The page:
This is the first of a series of articles to coincide with the 2017 World Ecocity Summit in Melbourne.
As Melbourne hosts the Ecocity World Summit this week, we might ponder the progress of Australia, a “nation of cities”, toward achieving sustainable urbanism.
Australian metropolitan planning has long subscribed to what urban geographer Clive Forster called the “compact city consensus”. This is a commitment to consolidated, well-designed, low-energy cities with high usage of public and active transport. But after decades of halting pursuit, we seem no closer to this ideal.
The 2016 State of the Environment report makes critical findings on metropolitan development. It casts these trends, at least in part, as market-driven compaction rather than planned consolidation. Leanne Hodyl’s much-reported 2014 study showed that:
High-rise apartment towers are being built in central Melbourne at four times the maximum densities allowed in Hong Kong, New York and Tokyo – some of the highest-density cities in the world.
She concludes that Australian regulation of high-rise development is uniquely weak.
Market prevails over planning
The compact city vision that has guided Australian metropolitan strategy for at least three decades was intended to realise sustainability in a form that departed from the extensive, car-dependent monocentrism of the post-war metropolis.
Yet planning has not been the principal directional force for urbanisation during this period. Instead, it has been dominated by a far more powerful political consensus, neoliberalism.
Whatever one thinks of the compact city ideal – and it is contested among urbanists – its realisation required a commitment to planned urbanisation. But that was never likely during an era of relentless hollowing-out of state capacities, including those needed to manage cities.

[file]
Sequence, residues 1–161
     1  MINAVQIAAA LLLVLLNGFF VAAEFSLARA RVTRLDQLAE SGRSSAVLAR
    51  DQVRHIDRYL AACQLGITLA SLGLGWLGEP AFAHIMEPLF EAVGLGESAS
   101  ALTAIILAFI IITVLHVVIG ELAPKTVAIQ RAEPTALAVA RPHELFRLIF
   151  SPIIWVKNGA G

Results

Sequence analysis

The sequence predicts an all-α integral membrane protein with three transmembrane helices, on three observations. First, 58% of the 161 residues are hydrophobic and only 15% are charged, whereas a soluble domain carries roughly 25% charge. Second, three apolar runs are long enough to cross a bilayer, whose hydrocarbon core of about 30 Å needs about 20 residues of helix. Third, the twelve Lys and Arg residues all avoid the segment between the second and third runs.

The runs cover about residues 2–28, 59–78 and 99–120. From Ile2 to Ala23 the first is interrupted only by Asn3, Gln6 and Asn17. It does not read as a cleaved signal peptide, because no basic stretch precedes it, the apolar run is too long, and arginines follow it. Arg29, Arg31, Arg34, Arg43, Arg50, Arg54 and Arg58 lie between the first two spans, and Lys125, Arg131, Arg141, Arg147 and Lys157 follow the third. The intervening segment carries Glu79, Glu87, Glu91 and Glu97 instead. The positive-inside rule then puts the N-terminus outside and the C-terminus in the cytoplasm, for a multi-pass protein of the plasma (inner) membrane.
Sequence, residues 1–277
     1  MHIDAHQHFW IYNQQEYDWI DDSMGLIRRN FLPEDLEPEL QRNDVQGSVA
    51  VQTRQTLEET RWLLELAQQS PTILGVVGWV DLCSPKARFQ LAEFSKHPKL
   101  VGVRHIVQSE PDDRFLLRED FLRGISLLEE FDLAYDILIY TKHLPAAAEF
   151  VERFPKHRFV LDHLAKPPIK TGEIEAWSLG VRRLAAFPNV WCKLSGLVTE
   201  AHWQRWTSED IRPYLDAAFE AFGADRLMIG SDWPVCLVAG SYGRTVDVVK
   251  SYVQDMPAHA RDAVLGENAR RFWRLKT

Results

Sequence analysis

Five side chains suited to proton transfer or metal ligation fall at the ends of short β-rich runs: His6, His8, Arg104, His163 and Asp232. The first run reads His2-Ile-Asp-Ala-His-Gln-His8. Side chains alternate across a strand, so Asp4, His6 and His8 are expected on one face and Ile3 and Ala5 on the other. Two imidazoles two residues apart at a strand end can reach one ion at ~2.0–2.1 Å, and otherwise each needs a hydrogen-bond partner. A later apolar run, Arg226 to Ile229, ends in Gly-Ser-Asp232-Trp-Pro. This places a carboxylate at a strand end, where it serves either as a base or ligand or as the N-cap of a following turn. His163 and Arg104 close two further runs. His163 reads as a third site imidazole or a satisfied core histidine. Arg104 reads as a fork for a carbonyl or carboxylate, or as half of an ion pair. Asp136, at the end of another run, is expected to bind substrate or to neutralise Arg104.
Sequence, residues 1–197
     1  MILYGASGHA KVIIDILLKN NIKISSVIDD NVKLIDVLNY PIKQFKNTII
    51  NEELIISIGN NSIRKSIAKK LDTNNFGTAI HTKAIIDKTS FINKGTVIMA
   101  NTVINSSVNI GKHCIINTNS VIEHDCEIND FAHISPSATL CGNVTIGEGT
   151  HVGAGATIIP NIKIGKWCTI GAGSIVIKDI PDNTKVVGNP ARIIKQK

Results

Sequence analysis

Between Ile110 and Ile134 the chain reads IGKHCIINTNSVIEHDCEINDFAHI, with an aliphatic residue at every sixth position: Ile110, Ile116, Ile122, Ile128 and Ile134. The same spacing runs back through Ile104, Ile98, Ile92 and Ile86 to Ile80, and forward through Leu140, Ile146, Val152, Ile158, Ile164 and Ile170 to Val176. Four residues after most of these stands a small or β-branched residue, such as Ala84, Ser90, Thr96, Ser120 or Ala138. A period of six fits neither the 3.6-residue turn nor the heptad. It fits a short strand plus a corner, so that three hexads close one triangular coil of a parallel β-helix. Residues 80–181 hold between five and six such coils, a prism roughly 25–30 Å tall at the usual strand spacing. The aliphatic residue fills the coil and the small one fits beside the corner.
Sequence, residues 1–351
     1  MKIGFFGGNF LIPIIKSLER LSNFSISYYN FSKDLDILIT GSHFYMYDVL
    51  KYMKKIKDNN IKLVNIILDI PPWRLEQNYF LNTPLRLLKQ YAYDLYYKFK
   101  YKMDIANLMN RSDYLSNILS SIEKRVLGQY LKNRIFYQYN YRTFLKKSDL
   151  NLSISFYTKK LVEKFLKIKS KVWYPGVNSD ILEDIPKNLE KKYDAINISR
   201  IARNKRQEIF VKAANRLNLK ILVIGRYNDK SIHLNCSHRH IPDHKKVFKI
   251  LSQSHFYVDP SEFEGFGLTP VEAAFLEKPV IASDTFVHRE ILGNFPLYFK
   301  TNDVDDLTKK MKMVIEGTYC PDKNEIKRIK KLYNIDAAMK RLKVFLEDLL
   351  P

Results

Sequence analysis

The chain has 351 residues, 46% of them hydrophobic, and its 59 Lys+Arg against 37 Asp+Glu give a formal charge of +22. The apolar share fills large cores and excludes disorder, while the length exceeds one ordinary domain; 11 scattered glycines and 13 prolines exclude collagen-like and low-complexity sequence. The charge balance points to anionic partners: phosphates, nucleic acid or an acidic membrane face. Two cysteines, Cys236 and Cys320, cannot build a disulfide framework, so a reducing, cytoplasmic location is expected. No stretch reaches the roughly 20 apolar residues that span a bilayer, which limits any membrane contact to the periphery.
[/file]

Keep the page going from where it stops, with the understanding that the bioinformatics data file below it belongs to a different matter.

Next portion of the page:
Instead, other forces have shaped the course of urban change. These include national policies (especially immigration, taxation and financing), technological innovation, cultural shifts, political economy (notably neoliberal governance) and increasingly unrestrained market power. This set of transformational “furies” can be grouped under the rubrics of intensification and pluralisation.
These forces have undeniably produced many welcome and stimulating changes in our cities. However, our current course, if left uncorrected, will potentially drive Australian cities further away from the ideal of sustainable urbanism.
The increases in “bad pluralities” – notably social polarisation and poverty – betray this ideal as much as physical failings do. Rising social ills, especially the ice plague and family violence, are markers of this betrayal.
‘Urban fracking’ undermines the city
Market-driven intensification has in many places permitted a fracturing and ransacking of urban value and amenity, and of human wellbeing, by development capital that has worn the thin robe of legitimacy provided by the compact city ideal.
We might summarise this as “urban fracking”: a new means of blasting through accumulated layers of material and symbolic value to extract profit.
Miles Lewis observed in 1999 that much redevelopment in Melbourne’s middle-ring neighbourhoods was parasitic. That is, it draws on (and thus depletes) existing amenity without adding to it.
More generally, this dispossession of urban value, from public (or communal) to private, takes myriad forms: amenity and infrastructure mining through overdevelopment, transfer of public housing stock to private investors in redevelopment, the continued non-taxation of unearned land value increments, privatisation of assets and services, and fast-tracked and favourable development approvals.